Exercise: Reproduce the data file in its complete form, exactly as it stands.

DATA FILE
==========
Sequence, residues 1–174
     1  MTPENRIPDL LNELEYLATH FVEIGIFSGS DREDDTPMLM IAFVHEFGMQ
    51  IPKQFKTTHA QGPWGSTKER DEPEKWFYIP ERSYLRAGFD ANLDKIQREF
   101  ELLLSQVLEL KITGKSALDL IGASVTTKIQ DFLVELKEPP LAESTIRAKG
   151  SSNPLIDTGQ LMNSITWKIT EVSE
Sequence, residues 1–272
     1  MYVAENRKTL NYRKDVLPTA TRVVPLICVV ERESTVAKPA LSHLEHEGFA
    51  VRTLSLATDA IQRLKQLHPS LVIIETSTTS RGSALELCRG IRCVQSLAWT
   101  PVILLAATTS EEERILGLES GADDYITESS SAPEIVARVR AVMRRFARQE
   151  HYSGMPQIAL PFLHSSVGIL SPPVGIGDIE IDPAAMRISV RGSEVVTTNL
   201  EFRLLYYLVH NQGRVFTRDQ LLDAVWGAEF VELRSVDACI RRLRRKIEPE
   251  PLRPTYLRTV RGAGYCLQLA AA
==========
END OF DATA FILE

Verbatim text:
Sequence, residues 1–174
     1  MTPENRIPDL LNELEYLATH FVEIGIFSGS DREDDTPMLM IAFVHEFGMQ
    51  IPKQFKTTHA QGPWGSTKER DEPEKWFYIP ERSYLRAGFD ANLDKIQREF
   101  ELLLSQVLEL KITGKSALDL IGASVTTKIQ DFLVELKEPP LAESTIRAKG
   151  SSNPLIDTGQ LMNSITWKIT EVSE
Sequence, residues 1–272
     1  MYVAENRKTL NYRKDVLPTA TRVVPLICVV ERESTVAKPA LSHLEHEGFA
    51  VRTLSLATDA IQRLKQLHPS LVIIETSTTS RGSALELCRG IRCVQSLAWT
   101  PVILLAATTS EEERILGLES GADDYITESS SAPEIVARVR AVMRRFARQE
   151  HYSGMPQIAL PFLHSSVGIL SPPVGIGDIE IDPAAMRISV RGSEVVTTNL
   201  EFRLLYYLVH NQGRVFTRDQ LLDAVWGAEF VELRSVDACI RRLRRKIEPE
   251  PLRPTYLRTV RGAGYCLQLA AA